Bark: An Artistic Tool Used in Ancient Traditions and Modern Indigenous Works

The use of tree bark is global and ubiquitous. Indigenous communities have been harvesting and using bark for thousands of years. Fort Rock Cave in the Pacific Northwest contains numerous well-preserved sandals made from sagebrush bark, dating from 9,000 to 13,000 years old. Globally, communities continue to use bark to create everyday objects, works of art and as a source of food and medicine. In the new exhibition, “Bark! Indigenous Cultural Expressions,” on display at the NJ State Museum through January 5, 2025, visitors will see examples from South America, the Pacific Islands, the Pacific Northwest and the Eastern Woodlands.

Assistant Curator Karen Flinn has spent over 45 years working with the Museum’s ethnographic collection and often uses the collection to explore a specific theme across several continents. The Bark exhibition is the latest example of this unique perspective. Comparing centuries-old bark made objects with the work of modern indigenous artists we can see how these objects sustain and connect communities all over the world.

Similar to skin, bark is the outer covering of a tree. It adapts to protect the living tree from the environment and protects delicate tissues from diseases and insect attack. Bark is traditionally stripped in spring and can be sustainably harvested without damaging the tree. Historic evidence of bark stripping remains all over North America, we can even date when the bark was stripped! Archaeologists count the growth rings adjacent to the scar to tally the years passing since the scar was made.


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In the Pacific Northwest, cedar bark is excellent for weaving. Baskets, capes, and hats are some of the items woven from cedar bark. Indigenous people continue to pass on these skills to make and use similar items today. The exhibition features a woman’s cap from the Karuk tribe of Northern California that dates to the 1850s. The Karuk and Hupa lands border each other and the people share similar cultural identities. Women of both tribes still make and wear hats like these today.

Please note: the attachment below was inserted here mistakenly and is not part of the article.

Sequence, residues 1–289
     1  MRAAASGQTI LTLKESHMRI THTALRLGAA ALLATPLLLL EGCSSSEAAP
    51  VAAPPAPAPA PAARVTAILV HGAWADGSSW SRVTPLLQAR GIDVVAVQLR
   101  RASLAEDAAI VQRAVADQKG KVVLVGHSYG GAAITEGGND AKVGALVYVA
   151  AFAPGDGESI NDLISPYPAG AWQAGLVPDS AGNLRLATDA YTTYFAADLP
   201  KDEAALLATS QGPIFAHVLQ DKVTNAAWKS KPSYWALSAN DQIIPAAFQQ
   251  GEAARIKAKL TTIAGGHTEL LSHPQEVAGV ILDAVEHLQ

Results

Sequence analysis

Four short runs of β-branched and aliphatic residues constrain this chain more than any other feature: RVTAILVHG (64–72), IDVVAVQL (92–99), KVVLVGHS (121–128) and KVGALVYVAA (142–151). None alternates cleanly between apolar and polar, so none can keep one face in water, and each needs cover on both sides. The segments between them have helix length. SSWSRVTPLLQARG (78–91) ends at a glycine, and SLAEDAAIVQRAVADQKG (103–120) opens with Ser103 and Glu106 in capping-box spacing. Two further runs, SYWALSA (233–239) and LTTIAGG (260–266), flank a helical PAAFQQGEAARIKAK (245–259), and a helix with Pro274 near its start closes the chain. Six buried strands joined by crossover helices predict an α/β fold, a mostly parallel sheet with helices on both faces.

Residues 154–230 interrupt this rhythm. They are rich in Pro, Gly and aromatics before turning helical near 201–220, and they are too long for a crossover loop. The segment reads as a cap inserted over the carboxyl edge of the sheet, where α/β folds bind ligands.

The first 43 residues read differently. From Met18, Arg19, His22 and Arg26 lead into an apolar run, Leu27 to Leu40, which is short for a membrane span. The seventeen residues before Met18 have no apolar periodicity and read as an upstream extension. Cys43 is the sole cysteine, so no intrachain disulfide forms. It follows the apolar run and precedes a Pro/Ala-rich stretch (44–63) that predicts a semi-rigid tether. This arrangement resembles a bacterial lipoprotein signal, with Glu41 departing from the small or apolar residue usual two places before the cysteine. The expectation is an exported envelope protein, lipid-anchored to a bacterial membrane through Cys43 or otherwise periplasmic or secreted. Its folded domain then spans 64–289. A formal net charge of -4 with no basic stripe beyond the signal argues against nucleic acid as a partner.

Bark cloth, or tapa, is not a woven material, but made from bark that has been softened through a process of soaking and beating. The inner bark is harvested from several types of trees or shrubs, often mulberry and fig, and designs applied with paints and vegetable dyes of light brown, red, and black. Indigenous Peoples in South America, Africa, Japan and Southeast Asia were all pioneers in the creation of bark clothing. Despite the different tree species and cultures involved, a similar method for making bark cloth has evolved on all three continents, causing those regions to sometimes be known as “the bark belt.” Tapa cloths also continue to be made today.

Birch bark is a strong and water-resistant cardboard-like bark that can be easily cut, bent, and sewn. This versatility has made it a valuable structural, crafting, and writing material since pre-historic times. In the Eastern Woodlands, tribes of Lenape, Passamaquoddy, Ojibwe, Mi’kmaq and others use birch in a variety of ways. Birch canoes have been in use for over 3,000 years. They took many hours of manual labor to complete, and they proved to be incredibly durable. On display is a birch bark canoe model from Maine, used to teach and preserve canoe-making skills within the Passamaquoddy communities in the 1980’s.

Also on display is a Delaware Indian House model made by NJ State Museum Indian Site Survey Staff through a project funded by the Works Project Administration (1935-43). Lenape/Delaware bark-covered homes have traditionally used chestnut, oak, linden (basswood), poplar and elm bark. Bark cordage was also used to tie the frame together. This model was loaned to teachers in New Jersey Public schools to teach their students about Delaware Indian housing.

There are a number of birch bark boxes in the Museum’s collection. Boxes on exhibit were made to sell to tourists in the Bar Harbor Maine area in the early 20th century. At this time Indigenous communities were restricted from land use and adapted to create trade items to obtain necessary goods. The colorful quillwork on these boxes is typical of the Eastern Woodlands region. Before the introduction of glass trade beads by Europeans in the 18th century, quillwork was widely used for decorative elements on clothing, shoes, and all kinds of containers. Eastern Woodlands tribes continue to make birch bark boxes, passing on the tradition of working with birch bark and quillwork to preserve skills for the benefit of their communities.

Bark can tell many stories. In researching and preparing for this new exhibition, we have discovered more than could possibly be told. Throughout the run of the exhibition, we will be offering visitors opportunities to explore more through story times, gallery carts and crafting opportunities. We encourage you to visit the Museum to see this exhibition and experience these stories and objects for yourself. Check our website for more information and an upcoming events calendar.